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The race to save a treasured lagoon

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Local Democracy Reporter

05 April 2024, 4:00 AM

The race to save a treasured lagoonSouthland's Waituna Lagoon has been battling a toxic algae that can prove hazardous to humans and some animals. Photo: Living Water/Supplied

A Southland wetland home to a plethora of native birds, fish and plants is walking a tightrope of ecological health.

Spanning an area of more than 3500 hectares, the Waituna Lagoon forms part of the much larger Awarua Wetland, located southeast of Invercargill.

The site made history in 1976 by becoming the first in the country to be recognised under the Ramsar convention — an intergovernmental treaty for conservation, which deems the lagoon a wetland of international importance.

But in recent months, it has gained notoriety for the wrong reasons.

The Waituna Lagoon has been battling an outbreak of toxic algae Cyanobacteria, requiring emergency works from regional council Environment Southland in January to manually open it to the sea.

If left unattended, the bacteria could have proven harmful to humans and some animals, such as dogs and livestock.

 Te Rūnanga o Awarua chairperson Dean Whaanga says both the health and abundance of mahinga kai at the lagoon is a good indication of how it's doing. Photo: ODT/Supplied

Although the move to flush it out was supported by the Department of Conservation, freshwater science lead Nicki Atkinson explains such decisions come at a cost.

“Two things really affect lagoon health,” Atkinson says.

“One is the opening, and how frequently and when it’s opened. The other is the nutrient loads that come in from the catchment.

“We kind of have to fix both of those problems in order to restore it.”

Atkinson says although the lagoon is resilient, nearby farming has created issues.

Fertiliser and cow manure has seeped into groundwater and washed into waterways, producing a nutrient buildup which has damaged the natural environment.

In a worst case scenario, it manifests in a bloom like that of the past few months.

“The indications are that at the moment, it is too much (nutrients), and we’ve got probably a legacy of nutrients going in there as well, stored up in sediments and things.”

Managing the area under current conditions is a balancing act, and while opening the lagoon reduces the nutrient load, it also jeopardises rupia — an aquatic plant crucial to the lagoon’s ecological wellbeing.

For that reason, both DoC and Te Rūnanga o Awarua have previously advocated for the area to only be opened at higher levels.

There are bright spots, however.

Restoration work taking place on the back of the lagoon’s problems has given iwi an opportunity to reconnect with the place in a new way.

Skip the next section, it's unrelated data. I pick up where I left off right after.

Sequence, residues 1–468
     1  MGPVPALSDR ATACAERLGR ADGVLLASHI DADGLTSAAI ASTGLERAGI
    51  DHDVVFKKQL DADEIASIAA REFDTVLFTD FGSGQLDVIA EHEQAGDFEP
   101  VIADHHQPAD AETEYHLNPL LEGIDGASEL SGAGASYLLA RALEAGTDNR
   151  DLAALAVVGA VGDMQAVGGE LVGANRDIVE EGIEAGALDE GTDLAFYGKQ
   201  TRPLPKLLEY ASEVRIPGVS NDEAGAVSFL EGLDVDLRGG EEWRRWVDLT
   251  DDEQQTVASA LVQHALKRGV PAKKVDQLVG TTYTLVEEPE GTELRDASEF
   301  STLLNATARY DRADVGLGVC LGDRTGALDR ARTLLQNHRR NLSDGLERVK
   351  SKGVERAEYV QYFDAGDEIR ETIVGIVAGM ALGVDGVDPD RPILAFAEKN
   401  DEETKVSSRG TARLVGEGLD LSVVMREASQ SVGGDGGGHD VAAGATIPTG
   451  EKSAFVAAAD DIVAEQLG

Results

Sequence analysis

That's according to rūnanga chairperson Dean Whaanga, who is optimistic good things are still in store for Waituna.

Some of the health indicators released last year were the best on record, he says, and the area had been on “a good trajectory”.

“But these things come up. Deal with them, take learnings.”

For him, both the health and abundance of mahinga kai was a good indicator of how well the lagoon was doing.

“We’re really keen on having a healthy lagoon, and we think by having a healthy lagoon, everything else will fall into place as well.”

So what’s next?

Atkinson says DoC is working collectively with Environment Southland and the rūnanga to sort out a consent for the lagoon's long-term management.

But she warned it could take some time before the impact of the last few months is fully known.

“It might take . . . almost a year to know the impact of that algal bloom and emergency opening.”

Another bright spot - early indications are positive.

Environment Southland chief scientist Karen Wilson said algae levels had mostly returned to mid-2023 levels since opening the lagoon, which was now in a "brackish", or slightly salty, state.

It was not practically possible to close the opening following the January work, but the lagoon had taken care of this itself, and was now fully closed off.

As far as Atkinson is concerned, any sort of return to a natural state is something worth celebrating.

“It’s got a lot of threatened native birds and fish and plants," she says.

“We don’t have that many coastal wetland systems left in New Zealand.

“More than 90 percent of our wetlands have been drained, and a lot of those are in a coastal environment.

“So there’s not many places left like that.”

LDR is local body journalism co-funded by RNZ and NZ On Air

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